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Egyptian tycoon wants to revamp Swiss ski areas

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Winter athletes on the slopes of Gemsstock above Andermatt

Winter athletes on the slopes of Gemsstock above Andermatt

(Keystone)

Egyptian billionaire Samih Sawiris wants to team up with a Swedish company to link and upgrade Switzerland’s Andermatt and Sedrun ski resorts.

A letter of intent published on Wednesday shows that Andermatt Swiss Alps – a subsidiary of Sawiris’ Orascom Development – is joining forces with SkiStar. Together they plan to invest SFr140.8 million ($159.8 million) in the project.

“The development is conditional on agreements being reached with existing shareholders, creditors and the respective cantons of Graubünden (Sedrun) and Uri (Andermatt), as well as the federal government, with regards to contributions supporting the planned investments,” according to the statement released by Andermatt Swiss Alps.

Yet critics are already getting uneasy, citing concerns about the potential environmental impact as well as the possibility that the new infrastructure might grossly exceed the demand.

Attracting visitors

Work is currently underway as part of the Orascom project designed to convert the quiet central Swiss village into an upmarket and bustling resort.

When finished in the winter of 2013/2014, it will be the largest of its kind in the Alps. There will be six hotels with 844 rooms, 25-30 villas as well as 490 apartments in 42 multi-family homes.

On top of that there will be 35,000 square metres of commercial property, including a golf course. All that seems to be missing is the appropriate infrastructure for skiing.

“Today, the infrastructure in Andermatt is not very comfortable. If we want to attract new guests to Andermatt, we have to be up-to-date. From that point of view, we really have to take steps forward,” Andermatt Swiss Alps Manager Gérard Jenni told swissinfo.ch.

“This is why we’ve teamed up SkiStar, which is very experienced in developing ski areas.”

The two entities will share expenses as well as know-how. SkiStar runs five ski resorts in Sweden and Norway.

The basic idea is to modernise the existing infrastructure while linking the Andermatt ski area with that of Sedrun. More specifically, the plans include the construction of 18 ski lifts and cable cars as well as snow cannons, restaurants and other facilities.

Too fast?

“I don’t agree with expanding the ski area ahead of time. Rather we should invest in stages, in keeping with the demand,” said Franz Steinegger, the president of the Andermatt Gotthard ski lift company.

In an interview with the SonntagsZeitung newspaper on Sunday, Steinegger said he feared that a rash investment in ski facilities could create a deficit that the public coffers would have to absorb.

On the day after the partnership with SkiStar was announced, Sawiris told the Neue Luzerner Zeitung: “I don’t know who invented this ‘all-at-once’ scenario” – noting that building at such a pace would be neither technically nor financially feasible. He added that the area would not be able to cope with such fast development, anyway.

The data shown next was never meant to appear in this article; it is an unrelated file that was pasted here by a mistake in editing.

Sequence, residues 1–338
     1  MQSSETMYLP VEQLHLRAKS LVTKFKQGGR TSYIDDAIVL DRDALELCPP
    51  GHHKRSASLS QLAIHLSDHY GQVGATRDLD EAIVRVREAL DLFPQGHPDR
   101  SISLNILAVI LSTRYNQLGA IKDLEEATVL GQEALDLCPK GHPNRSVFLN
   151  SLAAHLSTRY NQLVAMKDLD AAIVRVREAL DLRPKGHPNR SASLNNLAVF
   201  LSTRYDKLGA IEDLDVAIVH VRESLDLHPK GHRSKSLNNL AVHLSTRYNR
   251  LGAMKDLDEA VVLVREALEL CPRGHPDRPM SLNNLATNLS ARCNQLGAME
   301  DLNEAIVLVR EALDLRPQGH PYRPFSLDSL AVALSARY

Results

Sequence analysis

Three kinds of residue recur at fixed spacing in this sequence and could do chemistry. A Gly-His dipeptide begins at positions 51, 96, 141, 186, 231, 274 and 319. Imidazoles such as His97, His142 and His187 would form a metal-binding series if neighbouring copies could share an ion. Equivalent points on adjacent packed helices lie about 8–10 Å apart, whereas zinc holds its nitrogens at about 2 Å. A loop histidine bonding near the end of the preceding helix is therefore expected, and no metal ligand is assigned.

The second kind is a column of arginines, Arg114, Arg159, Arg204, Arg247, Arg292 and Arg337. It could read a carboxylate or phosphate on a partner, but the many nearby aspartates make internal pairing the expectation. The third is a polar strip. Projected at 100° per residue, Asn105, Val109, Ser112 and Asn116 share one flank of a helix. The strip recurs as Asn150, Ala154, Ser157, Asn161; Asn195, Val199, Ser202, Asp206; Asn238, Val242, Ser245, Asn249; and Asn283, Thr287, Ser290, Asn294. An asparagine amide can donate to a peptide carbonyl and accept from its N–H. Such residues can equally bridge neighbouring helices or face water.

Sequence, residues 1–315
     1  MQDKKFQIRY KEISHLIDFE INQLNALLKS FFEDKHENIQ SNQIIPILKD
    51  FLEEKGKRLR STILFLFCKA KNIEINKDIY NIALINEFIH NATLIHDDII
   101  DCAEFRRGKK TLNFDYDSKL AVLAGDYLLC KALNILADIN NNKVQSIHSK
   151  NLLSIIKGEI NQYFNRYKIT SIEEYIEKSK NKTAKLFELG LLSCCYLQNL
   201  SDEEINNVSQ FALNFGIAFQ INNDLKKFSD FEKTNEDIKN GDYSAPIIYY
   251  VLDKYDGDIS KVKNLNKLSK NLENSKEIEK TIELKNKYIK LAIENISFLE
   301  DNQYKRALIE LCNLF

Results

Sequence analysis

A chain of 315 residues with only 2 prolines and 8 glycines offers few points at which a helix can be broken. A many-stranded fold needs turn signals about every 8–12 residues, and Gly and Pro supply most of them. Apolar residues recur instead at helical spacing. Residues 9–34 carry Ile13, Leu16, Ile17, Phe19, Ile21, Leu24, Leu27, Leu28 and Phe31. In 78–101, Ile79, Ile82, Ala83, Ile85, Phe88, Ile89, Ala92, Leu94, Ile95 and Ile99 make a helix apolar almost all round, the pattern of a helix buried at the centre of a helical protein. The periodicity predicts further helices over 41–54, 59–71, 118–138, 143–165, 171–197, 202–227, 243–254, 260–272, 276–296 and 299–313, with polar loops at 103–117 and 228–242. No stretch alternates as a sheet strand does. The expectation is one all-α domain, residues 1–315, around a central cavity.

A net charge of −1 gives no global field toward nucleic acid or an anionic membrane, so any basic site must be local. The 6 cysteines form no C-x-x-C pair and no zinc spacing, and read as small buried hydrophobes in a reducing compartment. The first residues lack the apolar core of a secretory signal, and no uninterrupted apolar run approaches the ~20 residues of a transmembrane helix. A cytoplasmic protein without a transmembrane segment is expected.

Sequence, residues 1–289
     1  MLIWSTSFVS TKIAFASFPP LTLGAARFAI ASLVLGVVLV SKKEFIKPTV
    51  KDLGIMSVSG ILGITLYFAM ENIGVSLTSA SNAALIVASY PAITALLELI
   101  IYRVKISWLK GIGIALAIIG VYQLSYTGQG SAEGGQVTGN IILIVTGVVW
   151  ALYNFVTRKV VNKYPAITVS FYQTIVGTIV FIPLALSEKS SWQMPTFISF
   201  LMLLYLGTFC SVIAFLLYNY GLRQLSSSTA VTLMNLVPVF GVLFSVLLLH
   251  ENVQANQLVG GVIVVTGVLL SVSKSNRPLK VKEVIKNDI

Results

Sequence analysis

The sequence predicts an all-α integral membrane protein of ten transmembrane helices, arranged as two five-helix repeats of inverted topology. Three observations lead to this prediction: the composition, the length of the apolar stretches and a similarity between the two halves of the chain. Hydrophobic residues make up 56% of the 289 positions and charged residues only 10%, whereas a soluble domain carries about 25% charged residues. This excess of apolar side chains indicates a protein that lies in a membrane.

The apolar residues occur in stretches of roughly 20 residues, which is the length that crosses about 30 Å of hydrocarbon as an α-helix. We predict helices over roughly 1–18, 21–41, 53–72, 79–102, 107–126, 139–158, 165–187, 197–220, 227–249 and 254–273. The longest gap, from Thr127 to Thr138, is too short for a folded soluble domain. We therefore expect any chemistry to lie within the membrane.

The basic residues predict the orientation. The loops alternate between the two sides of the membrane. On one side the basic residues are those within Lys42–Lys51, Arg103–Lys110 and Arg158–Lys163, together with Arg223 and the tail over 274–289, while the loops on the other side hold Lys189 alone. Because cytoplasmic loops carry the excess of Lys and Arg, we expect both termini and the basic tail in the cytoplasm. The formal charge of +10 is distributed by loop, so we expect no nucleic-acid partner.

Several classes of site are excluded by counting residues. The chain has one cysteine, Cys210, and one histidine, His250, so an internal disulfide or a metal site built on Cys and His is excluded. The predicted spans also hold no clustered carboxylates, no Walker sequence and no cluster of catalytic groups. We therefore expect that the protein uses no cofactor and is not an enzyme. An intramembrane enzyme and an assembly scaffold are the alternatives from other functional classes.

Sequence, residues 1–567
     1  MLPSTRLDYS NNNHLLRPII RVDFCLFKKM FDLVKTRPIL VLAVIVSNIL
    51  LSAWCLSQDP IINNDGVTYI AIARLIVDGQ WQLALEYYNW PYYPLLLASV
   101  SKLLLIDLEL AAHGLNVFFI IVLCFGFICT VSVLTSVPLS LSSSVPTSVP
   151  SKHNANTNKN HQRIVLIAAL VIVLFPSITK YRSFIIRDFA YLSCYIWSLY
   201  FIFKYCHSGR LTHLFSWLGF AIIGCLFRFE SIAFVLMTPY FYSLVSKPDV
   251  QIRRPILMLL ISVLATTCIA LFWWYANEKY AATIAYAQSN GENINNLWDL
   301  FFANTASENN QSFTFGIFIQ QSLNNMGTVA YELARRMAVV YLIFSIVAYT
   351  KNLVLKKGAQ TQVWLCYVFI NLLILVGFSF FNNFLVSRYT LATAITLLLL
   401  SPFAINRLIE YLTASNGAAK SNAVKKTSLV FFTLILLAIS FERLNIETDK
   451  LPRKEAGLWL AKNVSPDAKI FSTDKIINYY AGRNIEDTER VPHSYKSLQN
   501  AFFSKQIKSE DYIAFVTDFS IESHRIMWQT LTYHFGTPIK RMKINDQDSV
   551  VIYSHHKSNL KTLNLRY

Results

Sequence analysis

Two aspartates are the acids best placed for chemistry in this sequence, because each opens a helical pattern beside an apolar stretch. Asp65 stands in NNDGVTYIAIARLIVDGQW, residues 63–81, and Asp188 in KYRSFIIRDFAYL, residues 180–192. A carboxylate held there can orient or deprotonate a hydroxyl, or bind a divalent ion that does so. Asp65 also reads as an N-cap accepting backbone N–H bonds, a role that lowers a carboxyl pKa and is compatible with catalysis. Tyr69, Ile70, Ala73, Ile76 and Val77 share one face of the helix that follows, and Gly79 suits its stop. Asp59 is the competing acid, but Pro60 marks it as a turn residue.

This week there was a meeting in Zurich between Andermatt Swiss Alps, SkiStar and the local ski lift companies. According to Sawiris, they discussed priorities as well as the stages of construction.

“To me, two important priorities are snow cannons as well as the connection from Nätschen to Hotel Chedi (the grand hotel currently under construction in Andermatt),” Sawiris said.

Preserving the landscape

Like Steinegger, the Swiss Alpine Club is also sceptical about the plans announced by Andermatt Swiss Alps and SkiStar – in particular the intense development proposed between Andermatt and Sedrun.

“The impact on the landscape would be too strong. These southern slopes are almost untouched and very attractive both for ski touring as well as for climbing,” said Thomas Gurtner, the head of the Swiss Alpine Club’s environmental department.

He told swissinfo.ch, “We understand that they want to have a link between the two ski resorts, but we ask that they find softer solutions which are based on the existing railway.” He said that one or two new ski lifts would be reasonable, but not the ten to 12 that the plans call for.

Gurtner added that in addition, his club did not see the need for a second cable car from Hospental to Gemsstock, considering that the existing cable car reaches Gemsstock from Andermatt.

"The valuable landscape with the St Anna glacier has to remain as it is," he said.

However, he did speak up in favour of plans to build a new cable car from Göschenen to Nätschen-Gütsch: “That’s a good project – it’s a promotion of public transport, actually, so we support that 100 per cent.”

Jenni of Andermatt Swiss Alps remains unperturbed by the concerns that have been voiced: “Everybody is invited to give their opinion until May 26, so we will have the full picture by the end of this month. Then we can adapt the ski infrastructure plans after that.”

Orascom

The Sawiris business empire, the Orascom Group, is divided into three sectors: telecommunications, construction and tourism. 

Samih Sawiris heads the latter, operating three purpose-built resorts on the Red Sea coast, and is constructing several more in Egypt, the United Arab Emirates, Oman, Mauritius and Morocco.

  

The company's strategy is "the acquisition of undeveloped land in prime locations, the development and marketing of fully self-sufficient communities..."

The flagship El Gouna resort is a cluster of hotels, restaurants and shopping centres built around artificial lagoons. 

Orascom administers the resort with a resident population of 10,000, including its airport, schools and hospital.

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swissinfo.ch


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